(Thomson Reuters Foundation) – A solar-powered mosquito trap is showing
early signs of helping to lower the incidence of malaria on Rusinga
Island, in Western Kenya.
The device, invented by Kenyan and Dutch researchers, uses a
solar roof panel to power an electric fan and mosquito zapper,
installed on the outside of traditional tin-roofed mud and daub houses
on the island. Nylon strips, impregnated with artificial human scent,
help draw mosquitoes to the trap and the fan sucks them into the device,
the researchers said. Read more http://bit.ly/1b9bmUV
The UN Development Programme (UNDP) has reported
that the Least Developed Countries Fund (LDCF) of the Global Environment
Facility (GEF) approved a US$43.63m grant for a UNDP-led initiative to
strengthen climate information and early warning systems in ten African
The US$43.63 million programme will be implemented
in Benin, Burkina Faso, Ethiopia, Liberia, Malawi, São Tomé and Principe,
Sierra Leone, Tanzania, Uganda and Zambia. The programme is supported through
the GEF's Least Developed Countries Fund (LDCF).
The Programme of Research on Climate Change
Vulnerability, Impacts and Adaptation (PROVIA) has released a report titled
'Research Priorities on Vulnerability, Impacts and Adaptation: Responding to
the Climate Change Challenge,' which presents global research priorities that
were identified through a consultation process with experts and policymakers,
and are intended to serve as guidance to researchers, donor groups and other
The overarching aim of Phase 1 of the China and South-South Scoping Assessment for Learning and Development initiative is to identify key opportunities and avenues for South-South learning and climate compatible development and how to best channel resources to share China's and developing countries' experiences of integrating climate adaptation into the development process. This project is being implemented in ten (10) countries across three regions including Africa (Angola, Ethiopia, Kenya, South Africa, Rwanda); Asia (Bangladesh, Nepal, Indonesia) and the Caribbean (Grenada, Jamaica). Final outputs from Phase 1, including the Full Report and Country Reports follow details on the project below.
Read more http://www.intasave.org/cassald.html
Coffee is a major cash crop in Uganda, but research shows that the smallholder farmers who produce 90% of it could have their already vulnerable livelihoods made more vulnerable by climate change.
Oxfam’s research project interviewed coffee farmers in the Rwenzori Mountains and found that they are aware that the climate is changing and becoming less predictable, and have used various adaptation strategies. But for Arabica coffee, which can only be grown at high altitudes in Uganda, climate change and rising temperatures are likely to further restrict the areas in which it can be grown.
This report makes recommendations for adapting coffee production in Uganda to reduce the impact of climate change on the economy and to reduce the risks that smallholder farmers will fall further into poverty. Read more http://cc.cc/OSkg
Kenya (Thomson Reuters Foundation) – When Kahindi Charo gathered 30 of his
friends to replant mangroves in the 32 square km (12 square mile)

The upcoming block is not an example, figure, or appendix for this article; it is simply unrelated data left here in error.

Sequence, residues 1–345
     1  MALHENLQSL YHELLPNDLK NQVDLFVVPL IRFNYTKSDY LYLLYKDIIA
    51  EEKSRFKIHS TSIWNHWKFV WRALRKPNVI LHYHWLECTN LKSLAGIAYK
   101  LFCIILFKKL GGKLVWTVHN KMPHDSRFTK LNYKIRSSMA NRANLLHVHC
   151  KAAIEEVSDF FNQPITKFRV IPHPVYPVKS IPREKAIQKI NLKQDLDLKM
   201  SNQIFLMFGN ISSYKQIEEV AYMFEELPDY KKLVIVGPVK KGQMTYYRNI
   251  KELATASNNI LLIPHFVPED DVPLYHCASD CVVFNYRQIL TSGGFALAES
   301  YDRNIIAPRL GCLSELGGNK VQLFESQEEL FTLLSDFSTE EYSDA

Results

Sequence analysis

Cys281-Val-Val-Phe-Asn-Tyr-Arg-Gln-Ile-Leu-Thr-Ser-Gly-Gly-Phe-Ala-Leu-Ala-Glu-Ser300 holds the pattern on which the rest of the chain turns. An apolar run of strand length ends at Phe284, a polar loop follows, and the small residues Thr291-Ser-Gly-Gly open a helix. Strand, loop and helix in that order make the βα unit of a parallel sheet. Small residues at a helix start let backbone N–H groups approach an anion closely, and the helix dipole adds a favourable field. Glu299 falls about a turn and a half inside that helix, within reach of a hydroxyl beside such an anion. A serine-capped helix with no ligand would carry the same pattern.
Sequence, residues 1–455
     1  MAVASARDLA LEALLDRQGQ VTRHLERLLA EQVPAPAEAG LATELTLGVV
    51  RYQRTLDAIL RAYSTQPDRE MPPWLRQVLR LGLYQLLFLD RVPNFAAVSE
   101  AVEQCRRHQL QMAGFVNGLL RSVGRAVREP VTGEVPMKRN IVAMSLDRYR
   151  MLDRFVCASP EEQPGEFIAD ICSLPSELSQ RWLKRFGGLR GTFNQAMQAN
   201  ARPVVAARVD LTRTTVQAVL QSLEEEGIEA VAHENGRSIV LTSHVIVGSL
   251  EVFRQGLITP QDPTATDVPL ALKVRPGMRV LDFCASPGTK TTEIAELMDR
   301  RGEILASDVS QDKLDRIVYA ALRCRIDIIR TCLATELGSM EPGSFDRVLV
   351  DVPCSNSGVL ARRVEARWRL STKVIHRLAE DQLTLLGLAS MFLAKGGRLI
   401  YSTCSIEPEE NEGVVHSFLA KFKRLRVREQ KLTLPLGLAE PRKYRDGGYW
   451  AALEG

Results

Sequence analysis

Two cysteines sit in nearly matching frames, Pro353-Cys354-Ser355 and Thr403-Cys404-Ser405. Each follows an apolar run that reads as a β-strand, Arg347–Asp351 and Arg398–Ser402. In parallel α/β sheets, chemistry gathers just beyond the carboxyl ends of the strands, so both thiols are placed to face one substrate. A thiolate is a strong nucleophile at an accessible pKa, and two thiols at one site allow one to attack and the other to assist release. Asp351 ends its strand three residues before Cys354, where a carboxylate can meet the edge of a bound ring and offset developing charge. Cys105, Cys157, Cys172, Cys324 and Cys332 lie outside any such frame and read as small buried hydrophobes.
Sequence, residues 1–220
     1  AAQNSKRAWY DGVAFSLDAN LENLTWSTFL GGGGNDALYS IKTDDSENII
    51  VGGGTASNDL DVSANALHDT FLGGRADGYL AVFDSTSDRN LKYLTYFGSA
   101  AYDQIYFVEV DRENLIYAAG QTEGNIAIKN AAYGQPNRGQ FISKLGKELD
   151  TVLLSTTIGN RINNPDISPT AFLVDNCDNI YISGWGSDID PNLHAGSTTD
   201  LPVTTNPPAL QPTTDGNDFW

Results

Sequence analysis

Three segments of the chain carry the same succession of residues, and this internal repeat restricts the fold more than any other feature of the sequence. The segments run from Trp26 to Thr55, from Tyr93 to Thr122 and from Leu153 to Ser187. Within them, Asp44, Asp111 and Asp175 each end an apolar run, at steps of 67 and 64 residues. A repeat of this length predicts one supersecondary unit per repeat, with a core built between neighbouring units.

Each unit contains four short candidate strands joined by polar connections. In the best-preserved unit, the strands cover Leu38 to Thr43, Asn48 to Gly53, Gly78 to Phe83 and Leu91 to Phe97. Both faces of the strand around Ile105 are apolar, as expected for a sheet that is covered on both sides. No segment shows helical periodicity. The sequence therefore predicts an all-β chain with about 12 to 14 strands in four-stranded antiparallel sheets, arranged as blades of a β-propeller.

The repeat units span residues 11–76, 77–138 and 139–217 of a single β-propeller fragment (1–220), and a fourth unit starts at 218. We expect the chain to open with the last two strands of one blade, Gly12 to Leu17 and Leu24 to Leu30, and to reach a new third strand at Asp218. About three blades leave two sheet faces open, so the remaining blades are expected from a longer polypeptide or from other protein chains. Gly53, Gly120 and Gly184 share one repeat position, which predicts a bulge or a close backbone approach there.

Mida Creek area, people in his village of Dabaso in Kilifi County dismissed
them as crazy idlers.
recalls that back then, in 2000, the creek had suffered badly from unregulated
harvesting that had left the area bare, with rotting stumps and patches of old
Mida Creek, about 60 km (38 miles) north of Mombasa, flourishes with dense
mangrove plantations that provide a habitat for birds, fish and crabs. There is
also a boardwalk leading to a 12-seat eco-restaurant perched beside the Indian
Read more http://cc.cc/GVUt
A long-standing irrigation project implemented by the
International Fund for Agricultural Development (IFAD) in Swaziland has
reported results in increasing adaptation to climate change, conserving
biodiversity and reducing land degradation through sustainable land management
The Lower Usuthu Smallholder Irrigation Project,
which has run from 2004-2013, is reducing the impact of issues surrounding
water scarcity through collaboration on constructing water harvesting tanks
with the Women in Development department in the Ministry of Tinkhundla
Administration and Development. The tanks divert overflow water to backyard
gardens, building resilience of local populations and benefiting the
livelihoods of the rural poor.
The project creates conditions for commercialization
of sustainable, high-value crops through large-scale irrigation. The network of
irrigation that will be expanded through the next phase of the project will
help meet the water needs of farmers in a cost-efficient way. Additional
activities being promoted by the project include low tillage, conservation
agriculture, forestation and biomass energy production. [IFAD
Press Release] [Overview
of the Lower Usuthu Smallholder Irrigation Project]
read more: http://climate-l.iisd.org/news/ifad-irrigation-project-improves-livelihoods-increases-climate-resilience-in-swaziland/
Funded by the Global Environment Facility (GEF),
the World Bank has approved a US$4.2 million grant to support the Government of
Burundi's efforts in promoting sustainable land and water management in coffee
farms, within the pilot Sustainable Coffee Landscape Project.
Focusing on the Bubanza, Bururi, and Muyinga
provinces, the grant will increase coffee productivity, while improving water
pollution levels and promoting landscape conservation and eco-tourism. The
project will pilot shade-grown coffee, that promotes coffee cultivation and a
planting approach that mixes coffee with various trees and plants such as beans
and maize. Planned activities include new bean-washing stations,
water-efficient equipment and certification schemes.
Moreover, patrolling equipment, law enforcement measures and